Eight horses will enter their gate in the 39th running of the $6 million Longines Breeders’ Cup Classic.

Seven of them will be racing over Keeneland’s mile-and-a-quarter dirt track for second place if you believe the handicappers and bettors who have made undefeated Flightline the 3/5 favorite.

Saddled by John Sadler and ridden by regular jockey Flavien Prat, Thoroughbred racing’s newest and brightest star is expected to run straight to a lead he will never relinquish. The four-year-old son of Tapit has run a perfect five-for-five, winning by a combined total of 62 3/4 lengths.

His latest and greatest triumph came in the Pacific Classic at Del Mar Sept. 3. In that race, he emerged from a light dusting of Pacific coast fog like a racing version of some mythical hero.

“The Mile and a quarter, that was the question before the Pacific Classic,” recalls Sadler. “He answered that.”

…by 19 1/4 lengths.

But trainers and riders in one of the deepest field’s in the race’s history may well have other ideas. There is Kentucky Derby (G1) runner-up, Epicenter.

The Steve Asmussen trainee most recently won impressively in the Travers Stakes. The three-year-old son of Not This Time would be Asmussen’s third Classic winner (Curlin, 2007; Gun Runner, 2017)

“If he beats older horses, he’s [Eclipse Award] Horse of the Year,” states Asmussen flatly.

Todd Pletcher will saddle Life Is Good and Irad Ortiz Jr. will likely pilot the Into Mischief four-year-old into an early confrontation with the favorite. His speed is not in doubt. His stamina over the Classic distance is. Length turned an early Dubai World Cup (G1) lead into a disappointing fourth-place finish.

Imagine winning the Kentucky Derby (G1) and being thought to be “valued” at only 20-1. That’s the level of disrespect Rich Strike will carry into the race. But trainer Reed says, whatever the result, 80-1 Derby longshot winner Rich Strike has changed his life as well as that of rider Sonny Leon and businessman owner Richard Dawson.

“I’m loving this because the horse is loving it,” says Reed, who also says Flightline is the only other entry he’s seen training as well as the horse he affectionately calls “Richie.” [Flightline] looks full of fire and ready to run.”

Bob Baffert adds his praise for the favorite and speaks as though he is almost willing for his Sept. 24 Pennsylvania Derby (G1) winner, Taiba, to finish a distant second. “It would be great, just like last year,” who saddled Medina Spirit to a second-place finish over last year’s winner, Knicks Go.

While he speaks like he’s prepared for the worst, Baffert has trained long enough to know the best may yet come. “It all comes down to having the horses show up and run their races.”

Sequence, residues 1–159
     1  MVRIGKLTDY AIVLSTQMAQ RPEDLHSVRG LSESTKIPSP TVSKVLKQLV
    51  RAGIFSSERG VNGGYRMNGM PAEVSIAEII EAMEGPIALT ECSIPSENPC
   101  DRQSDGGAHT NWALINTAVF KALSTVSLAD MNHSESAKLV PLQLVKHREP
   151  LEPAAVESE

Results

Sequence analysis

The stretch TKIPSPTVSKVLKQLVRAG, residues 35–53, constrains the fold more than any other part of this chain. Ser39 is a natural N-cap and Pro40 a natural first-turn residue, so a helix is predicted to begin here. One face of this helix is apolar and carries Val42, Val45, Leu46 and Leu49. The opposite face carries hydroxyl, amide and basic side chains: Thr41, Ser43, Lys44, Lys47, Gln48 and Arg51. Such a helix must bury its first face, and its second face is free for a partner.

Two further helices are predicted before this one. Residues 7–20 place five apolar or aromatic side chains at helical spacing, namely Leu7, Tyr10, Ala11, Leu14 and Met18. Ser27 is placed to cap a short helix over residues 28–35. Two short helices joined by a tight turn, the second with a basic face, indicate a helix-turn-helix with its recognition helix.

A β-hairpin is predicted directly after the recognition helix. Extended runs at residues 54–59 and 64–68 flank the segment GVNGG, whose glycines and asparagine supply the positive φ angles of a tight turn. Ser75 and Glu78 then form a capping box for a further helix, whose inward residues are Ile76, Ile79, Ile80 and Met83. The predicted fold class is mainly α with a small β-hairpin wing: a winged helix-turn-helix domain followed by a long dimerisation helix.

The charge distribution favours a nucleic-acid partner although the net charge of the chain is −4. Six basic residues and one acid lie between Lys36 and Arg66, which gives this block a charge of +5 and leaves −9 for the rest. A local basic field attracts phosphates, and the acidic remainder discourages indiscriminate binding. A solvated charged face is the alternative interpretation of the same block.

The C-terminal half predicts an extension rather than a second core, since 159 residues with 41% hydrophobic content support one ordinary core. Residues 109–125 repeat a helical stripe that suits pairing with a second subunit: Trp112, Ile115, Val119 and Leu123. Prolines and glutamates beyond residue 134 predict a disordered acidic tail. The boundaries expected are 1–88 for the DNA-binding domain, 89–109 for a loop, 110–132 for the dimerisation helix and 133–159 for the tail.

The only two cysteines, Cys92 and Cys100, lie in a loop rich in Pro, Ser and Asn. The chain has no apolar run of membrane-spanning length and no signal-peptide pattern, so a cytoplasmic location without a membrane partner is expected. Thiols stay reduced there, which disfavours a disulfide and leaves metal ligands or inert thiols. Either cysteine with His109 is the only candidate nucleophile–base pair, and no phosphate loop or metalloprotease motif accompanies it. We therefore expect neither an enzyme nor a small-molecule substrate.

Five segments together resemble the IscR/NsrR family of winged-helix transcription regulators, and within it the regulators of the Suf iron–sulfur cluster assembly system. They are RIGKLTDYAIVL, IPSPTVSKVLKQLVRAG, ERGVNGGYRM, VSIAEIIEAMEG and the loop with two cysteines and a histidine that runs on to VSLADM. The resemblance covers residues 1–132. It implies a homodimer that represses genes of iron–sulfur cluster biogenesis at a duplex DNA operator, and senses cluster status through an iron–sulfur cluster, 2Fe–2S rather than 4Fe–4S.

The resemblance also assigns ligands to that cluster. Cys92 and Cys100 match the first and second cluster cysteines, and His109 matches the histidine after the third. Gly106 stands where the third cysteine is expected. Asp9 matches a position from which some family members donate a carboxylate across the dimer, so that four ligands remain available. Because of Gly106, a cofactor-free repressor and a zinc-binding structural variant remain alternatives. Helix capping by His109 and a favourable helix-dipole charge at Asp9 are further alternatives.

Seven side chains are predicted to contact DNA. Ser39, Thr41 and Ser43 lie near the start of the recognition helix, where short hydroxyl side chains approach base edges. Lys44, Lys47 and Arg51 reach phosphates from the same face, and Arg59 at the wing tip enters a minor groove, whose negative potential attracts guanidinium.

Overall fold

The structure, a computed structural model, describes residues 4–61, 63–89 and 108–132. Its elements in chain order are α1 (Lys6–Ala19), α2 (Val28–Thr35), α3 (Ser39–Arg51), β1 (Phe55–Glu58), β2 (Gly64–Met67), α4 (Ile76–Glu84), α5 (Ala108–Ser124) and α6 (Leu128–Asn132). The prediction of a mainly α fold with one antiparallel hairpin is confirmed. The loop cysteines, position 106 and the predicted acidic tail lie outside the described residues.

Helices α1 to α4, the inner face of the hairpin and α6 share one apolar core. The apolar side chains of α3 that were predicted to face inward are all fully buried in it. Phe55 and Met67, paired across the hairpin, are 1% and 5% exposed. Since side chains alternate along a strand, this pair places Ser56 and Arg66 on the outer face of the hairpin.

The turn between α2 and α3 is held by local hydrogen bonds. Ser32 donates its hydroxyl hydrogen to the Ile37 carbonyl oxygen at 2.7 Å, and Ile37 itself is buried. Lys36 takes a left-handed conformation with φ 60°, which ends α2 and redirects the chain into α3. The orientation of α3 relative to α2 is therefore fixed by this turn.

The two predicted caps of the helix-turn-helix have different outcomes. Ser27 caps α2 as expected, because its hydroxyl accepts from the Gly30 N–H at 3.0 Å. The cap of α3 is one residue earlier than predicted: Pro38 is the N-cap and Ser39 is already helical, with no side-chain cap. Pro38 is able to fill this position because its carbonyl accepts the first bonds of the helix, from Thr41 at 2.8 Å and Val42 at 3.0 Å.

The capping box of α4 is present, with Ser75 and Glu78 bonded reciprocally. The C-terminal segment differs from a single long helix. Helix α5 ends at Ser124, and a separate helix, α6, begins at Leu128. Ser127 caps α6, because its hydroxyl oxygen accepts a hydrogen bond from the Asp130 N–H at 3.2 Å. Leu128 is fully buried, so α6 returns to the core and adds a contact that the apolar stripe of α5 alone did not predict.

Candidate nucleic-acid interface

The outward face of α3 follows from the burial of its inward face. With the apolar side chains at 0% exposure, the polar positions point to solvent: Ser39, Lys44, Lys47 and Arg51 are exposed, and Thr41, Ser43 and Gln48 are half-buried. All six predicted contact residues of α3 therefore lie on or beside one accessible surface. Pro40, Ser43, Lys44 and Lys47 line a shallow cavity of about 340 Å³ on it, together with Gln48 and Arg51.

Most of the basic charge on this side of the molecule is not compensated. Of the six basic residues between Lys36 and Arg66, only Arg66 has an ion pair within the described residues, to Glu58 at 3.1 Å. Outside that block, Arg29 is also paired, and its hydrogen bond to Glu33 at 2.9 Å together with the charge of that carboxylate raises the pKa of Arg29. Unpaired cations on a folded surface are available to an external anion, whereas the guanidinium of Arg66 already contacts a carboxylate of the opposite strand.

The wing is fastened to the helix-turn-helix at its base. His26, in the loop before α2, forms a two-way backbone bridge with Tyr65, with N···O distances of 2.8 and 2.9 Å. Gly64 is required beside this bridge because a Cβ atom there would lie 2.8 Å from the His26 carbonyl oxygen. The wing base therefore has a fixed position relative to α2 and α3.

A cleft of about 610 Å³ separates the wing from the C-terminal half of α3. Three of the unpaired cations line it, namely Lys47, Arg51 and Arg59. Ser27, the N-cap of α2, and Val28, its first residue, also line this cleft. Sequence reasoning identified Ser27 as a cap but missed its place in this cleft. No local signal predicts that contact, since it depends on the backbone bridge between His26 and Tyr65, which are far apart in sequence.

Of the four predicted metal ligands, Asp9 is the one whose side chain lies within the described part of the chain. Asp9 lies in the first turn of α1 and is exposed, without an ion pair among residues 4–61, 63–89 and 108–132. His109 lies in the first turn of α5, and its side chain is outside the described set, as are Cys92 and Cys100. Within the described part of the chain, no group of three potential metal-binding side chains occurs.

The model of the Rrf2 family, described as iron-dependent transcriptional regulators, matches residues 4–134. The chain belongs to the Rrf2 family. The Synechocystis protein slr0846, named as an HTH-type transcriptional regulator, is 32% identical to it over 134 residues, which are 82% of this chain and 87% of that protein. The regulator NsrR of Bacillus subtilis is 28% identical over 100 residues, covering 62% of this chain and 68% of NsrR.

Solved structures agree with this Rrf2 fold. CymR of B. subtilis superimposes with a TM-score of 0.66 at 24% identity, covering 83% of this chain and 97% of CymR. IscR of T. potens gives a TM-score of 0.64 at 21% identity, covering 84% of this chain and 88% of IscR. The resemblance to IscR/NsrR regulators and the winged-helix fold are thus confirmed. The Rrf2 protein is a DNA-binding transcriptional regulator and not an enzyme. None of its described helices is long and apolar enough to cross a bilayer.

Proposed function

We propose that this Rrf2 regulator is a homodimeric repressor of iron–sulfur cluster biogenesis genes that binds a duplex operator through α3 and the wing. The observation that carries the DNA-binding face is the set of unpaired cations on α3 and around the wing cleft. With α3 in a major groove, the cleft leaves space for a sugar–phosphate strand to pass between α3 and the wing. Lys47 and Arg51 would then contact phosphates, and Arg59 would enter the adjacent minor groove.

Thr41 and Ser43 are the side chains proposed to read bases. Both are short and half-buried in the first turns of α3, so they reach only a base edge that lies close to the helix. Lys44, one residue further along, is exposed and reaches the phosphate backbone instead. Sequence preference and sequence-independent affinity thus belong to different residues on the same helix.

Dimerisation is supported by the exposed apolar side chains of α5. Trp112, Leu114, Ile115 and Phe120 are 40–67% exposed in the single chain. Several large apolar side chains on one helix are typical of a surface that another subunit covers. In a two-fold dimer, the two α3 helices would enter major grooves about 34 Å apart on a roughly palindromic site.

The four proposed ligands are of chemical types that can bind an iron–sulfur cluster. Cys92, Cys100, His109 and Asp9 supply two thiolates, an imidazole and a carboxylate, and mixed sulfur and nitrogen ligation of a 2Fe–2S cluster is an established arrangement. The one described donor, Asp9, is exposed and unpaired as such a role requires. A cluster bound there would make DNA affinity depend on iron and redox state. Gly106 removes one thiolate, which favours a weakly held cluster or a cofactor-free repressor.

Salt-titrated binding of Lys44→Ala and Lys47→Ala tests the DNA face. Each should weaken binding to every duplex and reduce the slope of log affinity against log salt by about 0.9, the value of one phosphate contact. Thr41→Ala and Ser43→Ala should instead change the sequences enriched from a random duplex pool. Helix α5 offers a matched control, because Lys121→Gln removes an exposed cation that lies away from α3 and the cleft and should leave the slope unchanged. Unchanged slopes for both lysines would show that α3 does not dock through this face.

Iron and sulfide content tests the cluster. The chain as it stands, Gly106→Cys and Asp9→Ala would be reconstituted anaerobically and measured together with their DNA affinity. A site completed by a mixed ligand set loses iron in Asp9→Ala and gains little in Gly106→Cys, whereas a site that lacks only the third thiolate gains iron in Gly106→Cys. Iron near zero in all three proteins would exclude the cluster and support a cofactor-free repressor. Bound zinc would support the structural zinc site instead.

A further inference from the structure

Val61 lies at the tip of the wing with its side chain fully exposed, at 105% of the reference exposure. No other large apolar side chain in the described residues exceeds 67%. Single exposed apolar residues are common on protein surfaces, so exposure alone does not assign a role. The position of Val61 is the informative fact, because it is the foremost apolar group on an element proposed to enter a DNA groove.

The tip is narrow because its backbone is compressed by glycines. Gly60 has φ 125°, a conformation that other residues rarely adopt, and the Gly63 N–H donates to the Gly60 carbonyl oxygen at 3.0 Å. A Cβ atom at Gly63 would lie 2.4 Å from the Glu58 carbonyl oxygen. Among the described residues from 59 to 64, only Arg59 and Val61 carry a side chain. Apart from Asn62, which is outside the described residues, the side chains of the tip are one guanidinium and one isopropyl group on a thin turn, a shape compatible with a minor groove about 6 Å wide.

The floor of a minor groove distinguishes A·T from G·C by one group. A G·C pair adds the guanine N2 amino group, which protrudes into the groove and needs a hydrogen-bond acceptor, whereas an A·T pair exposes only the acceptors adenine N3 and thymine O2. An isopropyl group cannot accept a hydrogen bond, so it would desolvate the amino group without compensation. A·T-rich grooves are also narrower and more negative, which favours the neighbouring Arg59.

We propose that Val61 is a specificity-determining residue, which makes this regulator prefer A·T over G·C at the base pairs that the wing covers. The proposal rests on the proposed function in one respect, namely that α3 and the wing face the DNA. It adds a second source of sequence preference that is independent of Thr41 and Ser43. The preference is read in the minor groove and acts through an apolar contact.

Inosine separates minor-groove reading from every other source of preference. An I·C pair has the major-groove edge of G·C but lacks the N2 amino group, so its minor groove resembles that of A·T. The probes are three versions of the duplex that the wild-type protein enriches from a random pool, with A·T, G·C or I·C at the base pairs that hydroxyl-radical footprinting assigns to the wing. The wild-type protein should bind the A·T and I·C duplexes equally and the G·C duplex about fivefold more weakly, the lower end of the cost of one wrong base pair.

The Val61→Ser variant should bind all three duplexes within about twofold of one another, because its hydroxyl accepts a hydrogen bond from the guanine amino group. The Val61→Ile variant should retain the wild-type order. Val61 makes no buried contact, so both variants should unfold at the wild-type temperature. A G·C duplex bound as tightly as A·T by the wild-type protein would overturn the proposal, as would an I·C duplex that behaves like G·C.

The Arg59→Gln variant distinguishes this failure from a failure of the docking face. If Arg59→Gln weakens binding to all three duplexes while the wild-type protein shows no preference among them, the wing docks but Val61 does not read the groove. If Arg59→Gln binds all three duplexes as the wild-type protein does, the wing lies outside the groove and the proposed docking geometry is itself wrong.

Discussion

Hot Rod Charlie always shows up and runs his race, most recently by nudging a nose in front of Rich Strike to nudge to victory over Rich Strike in the G2 Lukas Classic Stakes. The BC Classic will be the first time the four-year-old Oxbow runner will run against Flightline.

Trainer Doug O’Neill also joins the lengthy list of Flightline praisers. Still, like his fan-favorite gutsy horse, O’Neill is prepared to yield nothing to what he called a “once-in-a-lifetime type of horse [in Flightline].”

“If something happens and Flightline doesn’t run his best race, and Hot Rod Charlie does, we could shock the world,” asserts a hopeful O’Neill.

Connections for Olympiad hope their entry can shock the world and compete with the early speed of both Flightline and Life Is Good. The son of Speightstown will most likely have to run down both for Hall of Fame trainer Bill Mott’s 10-1 underdog to have any chance at a win.

Speaking of having a chance, Pletcher thought it worth a second chance, even at 30-1, to enter in the small field. But his Happy Saver will enter the race with perhaps a lesser chance. He will be running with a patch on a left hind foot quarter crack that cost two days of training this week.

It’s not serious nor is it expected to affect his performance, but no contender would want to yield even the smallest of advantages to Flightline.

The field for the Breeders’ Cup Classic features several accomplished challengers and one whose accomplishments have even the connections of his challengers gushing praise.

While it is true the most serious questions—speed and distance—have met with resounding answers from Flightline, serious horse racing enthusiasts feel two may yet remain. Accustomed to running in front with no challenge, how might he respond if a speedy early opponent “looks him in the eye”?

And there remains some question about weather. Late fall temperatures at Keeneland are predicted to remain cool, but winds have been gusting near 30 mph since the early morning under an overcast sky. And, there is a 30 percent possibility of rain at or near the 5:50 pm [EDT] race time. Used to floating over dry land, a messy surface could muddy Flightline’s favored result.

In a few hours, all questions will be answered. Even those who have hedged their respect for the lightly
raced favorite will be forced to concede it if the hype surrounding Flightline becomes a historic victory.

Feature Image: Richard R. Gross